Wang Jianwei’s (b.1954) work encompasses performance, video, documentary films, sculpture, theatre and animation. From the outset Wang was interested in converging art with his daily life – inCiruclation; Sowing and Harvesting (1993-4) he worked on the land cultivating a wheat crop. His multi-screen video installation Making to do with the Fakes (2011) incorporates a misshapen ping pong table. Each visitor is allowed to hit just one ball across the table, and the rules of the game stipulate that the ball must remain where it comes to rest.
In 2009, Xu Zhen (b. 1977) ended his career as an individual artist and instead set up a team of cultural workers, MadeIn Company to produce all his future works. The exhibition shows both earlier works by Xu Zhen such as In the Blink of an Eye (2005) which presents a human floating freely in the gallery space – how the artist achieves this remains a mystery – and works by MadeIn Company like Action of Consciousness (2011). This work consists of 48 different sculptures which fly upwards from inside a large white cube box, the sculptures only visible in motion for a few seconds.
A specially-created interactive archive tracing the development of installation and performance art in China from 1979 to today forms the backbone of the exhibition. Presented through an innovative digital interface created by Land Ahoy, the archive is comprised of short descriptions of over 130 performances, exhibitions and art events, as well as images, and expert commentary.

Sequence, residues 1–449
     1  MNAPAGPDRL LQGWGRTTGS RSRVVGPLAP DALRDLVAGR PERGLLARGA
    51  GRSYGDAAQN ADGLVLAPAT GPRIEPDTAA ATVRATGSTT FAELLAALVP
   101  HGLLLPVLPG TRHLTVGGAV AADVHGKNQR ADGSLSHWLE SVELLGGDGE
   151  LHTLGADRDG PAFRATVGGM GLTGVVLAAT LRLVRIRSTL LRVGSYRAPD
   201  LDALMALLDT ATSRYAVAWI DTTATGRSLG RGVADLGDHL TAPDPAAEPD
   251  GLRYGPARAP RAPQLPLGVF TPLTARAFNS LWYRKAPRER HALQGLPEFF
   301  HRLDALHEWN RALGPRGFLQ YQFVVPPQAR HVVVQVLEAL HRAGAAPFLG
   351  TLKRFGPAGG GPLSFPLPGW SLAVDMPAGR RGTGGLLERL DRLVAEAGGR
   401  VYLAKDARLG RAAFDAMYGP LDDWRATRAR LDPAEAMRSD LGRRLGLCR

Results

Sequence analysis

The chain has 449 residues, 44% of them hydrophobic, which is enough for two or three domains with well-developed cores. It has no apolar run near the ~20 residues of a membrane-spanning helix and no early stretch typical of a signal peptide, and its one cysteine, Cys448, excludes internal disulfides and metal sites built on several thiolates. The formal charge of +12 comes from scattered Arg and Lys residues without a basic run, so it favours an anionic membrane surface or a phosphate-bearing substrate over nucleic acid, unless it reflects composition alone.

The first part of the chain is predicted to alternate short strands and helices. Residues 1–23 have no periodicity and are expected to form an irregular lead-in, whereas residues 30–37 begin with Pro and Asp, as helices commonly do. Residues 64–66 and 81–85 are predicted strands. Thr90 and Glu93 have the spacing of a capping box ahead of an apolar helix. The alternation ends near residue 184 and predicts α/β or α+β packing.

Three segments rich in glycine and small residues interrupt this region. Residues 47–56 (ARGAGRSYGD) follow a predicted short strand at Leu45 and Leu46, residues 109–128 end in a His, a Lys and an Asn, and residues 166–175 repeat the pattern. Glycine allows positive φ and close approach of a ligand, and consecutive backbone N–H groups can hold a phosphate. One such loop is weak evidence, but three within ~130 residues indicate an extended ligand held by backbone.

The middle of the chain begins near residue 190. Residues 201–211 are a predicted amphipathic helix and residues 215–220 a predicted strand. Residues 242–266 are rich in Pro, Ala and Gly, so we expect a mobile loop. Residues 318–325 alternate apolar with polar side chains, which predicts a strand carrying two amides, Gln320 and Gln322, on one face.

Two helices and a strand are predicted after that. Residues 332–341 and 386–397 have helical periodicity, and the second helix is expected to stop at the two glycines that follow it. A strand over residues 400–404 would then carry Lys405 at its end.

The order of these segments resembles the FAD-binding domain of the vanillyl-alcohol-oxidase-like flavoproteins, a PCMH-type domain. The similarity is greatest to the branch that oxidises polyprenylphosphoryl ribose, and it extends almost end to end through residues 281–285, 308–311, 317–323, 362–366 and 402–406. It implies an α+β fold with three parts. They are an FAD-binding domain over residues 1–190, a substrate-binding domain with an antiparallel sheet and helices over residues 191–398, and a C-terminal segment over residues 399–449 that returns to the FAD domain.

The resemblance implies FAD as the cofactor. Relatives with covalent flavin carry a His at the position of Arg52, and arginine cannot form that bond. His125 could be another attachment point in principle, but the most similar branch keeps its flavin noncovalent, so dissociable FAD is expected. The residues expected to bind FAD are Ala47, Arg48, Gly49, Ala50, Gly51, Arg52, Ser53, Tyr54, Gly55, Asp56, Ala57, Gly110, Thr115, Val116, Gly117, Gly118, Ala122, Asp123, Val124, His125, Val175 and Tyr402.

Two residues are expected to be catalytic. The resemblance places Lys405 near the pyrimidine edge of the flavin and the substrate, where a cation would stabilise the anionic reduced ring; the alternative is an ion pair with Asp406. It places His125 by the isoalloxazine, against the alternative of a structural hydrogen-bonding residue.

Published to coincide with the exhibition, this fully illustrated book features a central text by Stephanie Rosenthal plus critical essays and individual texts on the artists featured. Contributors include artist and curatorColin Chinnery; Associate Professor of Critical Theory and Visual Culture and Director of the Centre for Contemporary East Asian Cultural Studies at the University of Nottingham, University of Nottingham, Paul Gladston; Director of Office of Contemporary/ Lecturer in East Asian Art Sotheby’s Institute of Art, London, Katie Hill; curator Carol Lu; curator and critic Karen Smith; writer Philip Tinari; independent curator Pauline Yao; curator and critic Zhu Zhu.
Art of Change: New Directions from China opens on 7 September and runs to 9 December
Hayward Gallery, Southbank Centre, Belvedere Road, London SE1 8XX
Information and tickets: 0844 847 9910
Southbank Centre is the UK’s largest arts centre, occupying a 21-acre site that sits in the midst of London’s most vibrant cultural quarter on the South Bank of the Thames. The site has an extraordinary creative and architectural history stretching back to the 1951 Festival of Britain. Southbank Centre is home to the Royal Festival Hall, Queen Elizabeth Hall, Purcell Room and the Hayward Gallery as well as The Saison Poetry Library and the Arts Council Collection. www.southbankcentre.co.uk